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Thread: Is Musk the messiah for the overpopulated people looking for homes ? Or Bezos the man?

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    Question Is Musk the messiah for the overpopulated people looking for homes ? Or Bezos the man?

    Mars Society president Zubrin's Moon Direct plan solution for overpopulated places in India, Bangladesh & Pakistan ? Does it help the Indian SUbcontinent ?



    The Moon Direct plan calls for using existing launch vehicles — specifically, SpaceX’s Falcon 9 and Falcon Heavy rockets — to help send equipment and eventually people directly to the lunar surface.

    Uncrewed cargo missions could make use of the Falcon Heavy, while crewed missions would start with a Falcon 9 launch to the International Space Station or some other yet-to-be-built outpost in low Earth orbit.

    The plan requires at least one puzzle piece that’s still missing: a Lunar Excursion Vehicle, or LEV, capable of landing two tons of payload onto the lunar surface. The LEV is what astronauts would ride from the Earth-orbiting platform to the lunar surface, and if the right infrastructure is in place, it could be refueled on the moon for making the return trip or traveling between sites on the moon.

    Zubrin estimates the cost of the initial missions to get things started at $1.5 billion, followed by a yearly cost of $420 million to keep things going. “The point is, the heavy-lift vehicles are only needed in the initial stages,” he said.

    That compares favorably with the outlook for NASA’s heavy-lift Space Launch System rocket, which isn’t expected to start flying until 2020 at the earliest and may cost $1.5 billion or more per liftoff.

    If moon missions can truly be done at lower cost, that would leave more money (and more willingness on the part of policymakers) to push onward to Mars. “The moon program does not have to be a tar baby that prevents you from doing anything else,” Zubrin said.

    There’s a chance that Zubrin’s campaign for Moon Direct will make him, once again, a voice crying in the wilderness. But there’s an added reason for hope that didn’t exist in the 1990s. The gap in human spaceflight has “created an opening for the entrepreneurial space companies,” including SpaceX as well as Amazon founder Jeff Bezos’ Blue Origin space venture, Zubrin said.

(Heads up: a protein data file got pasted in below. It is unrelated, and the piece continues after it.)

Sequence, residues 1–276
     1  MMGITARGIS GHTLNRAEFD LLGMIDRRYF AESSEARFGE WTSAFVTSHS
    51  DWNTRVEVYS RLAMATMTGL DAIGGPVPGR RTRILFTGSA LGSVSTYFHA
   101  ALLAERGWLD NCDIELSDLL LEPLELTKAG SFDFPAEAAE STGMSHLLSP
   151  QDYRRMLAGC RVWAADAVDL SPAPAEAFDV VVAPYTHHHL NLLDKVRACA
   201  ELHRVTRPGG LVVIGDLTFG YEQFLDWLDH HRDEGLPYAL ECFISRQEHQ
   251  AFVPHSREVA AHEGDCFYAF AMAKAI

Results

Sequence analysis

SpaceX founder Elon Musk has talked about using his company’s yet-to-be-built Big Falcon Rocket, or BFR, to support the development of a “Moonbase Alpha” as well as a city on Mars. “We should have a lunar base by now. What the hell is going on?” Musk said last year at a space conference in Australia.



    Bezos has a similar vision for a city on the moon, facilitated by Blue Origin’s yet-to-be-built New Glenn and New Armstrong rockets plus its Blue Moon lander. “Today, we must go back to the moon, and this time to stay,” Bezos told me at a Los Angeles space conference in May.

    If sending humans to Mars is a race, which team is favored to win? Bookies give the nod to Elon Musk’s SpaceX and Amazon founder Jeff Bezos’ Blue Origin venture, but it’ll be years before any bet pays off.

    David Strauss, an analyst and oddsmaker at MyBookie, says NASA is the underdog and Musk is the favorite.

    “Bezos may have the discipline, but Musk has the infrastructure and just the right amount of craziness to make a successful mission happen,” he said today in a news release. “The days of government organizations staging trips to another planet are behind us. I would be surprised if NASA truly makes it back to the moon.”

    MyBookie’s betting line gives SpaceX a 75 percent chance of sending humans to Mars first. Technically speaking, the odds are -300, which means bettors would have to lay down $300 to get their money back with an additional $100 if the bet pays off.

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    Who wants to live on the Moon or Mars, anyway?

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    Quote Originally Posted by Bobby Martnen View Post
    Who wants to live on the Moon or Mars, anyway?
    If no place on earth it is not a choice. Where ever there is land available & good condition that is to be taken into consideration

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